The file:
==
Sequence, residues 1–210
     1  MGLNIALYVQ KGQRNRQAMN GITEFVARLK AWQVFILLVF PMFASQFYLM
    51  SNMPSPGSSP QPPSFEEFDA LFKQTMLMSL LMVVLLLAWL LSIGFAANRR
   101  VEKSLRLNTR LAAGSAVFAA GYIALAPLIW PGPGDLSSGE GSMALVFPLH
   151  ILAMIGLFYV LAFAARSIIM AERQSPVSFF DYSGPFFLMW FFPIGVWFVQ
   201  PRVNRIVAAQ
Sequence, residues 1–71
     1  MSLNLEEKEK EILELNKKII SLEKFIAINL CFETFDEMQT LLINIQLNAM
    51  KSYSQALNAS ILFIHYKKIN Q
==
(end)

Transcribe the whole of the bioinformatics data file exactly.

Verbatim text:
Sequence, residues 1–210
     1  MGLNIALYVQ KGQRNRQAMN GITEFVARLK AWQVFILLVF PMFASQFYLM
    51  SNMPSPGSSP QPPSFEEFDA LFKQTMLMSL LMVVLLLAWL LSIGFAANRR
   101  VEKSLRLNTR LAAGSAVFAA GYIALAPLIW PGPGDLSSGE GSMALVFPLH
   151  ILAMIGLFYV LAFAARSIIM AERQSPVSFF DYSGPFFLMW FFPIGVWFVQ
   201  PRVNRIVAAQ
Sequence, residues 1–71
     1  MSLNLEEKEK EILELNKKII SLEKFIAINL CFETFDEMQT LLINIQLNAM
    51  KSYSQALNAS ILFIHYKKIN Q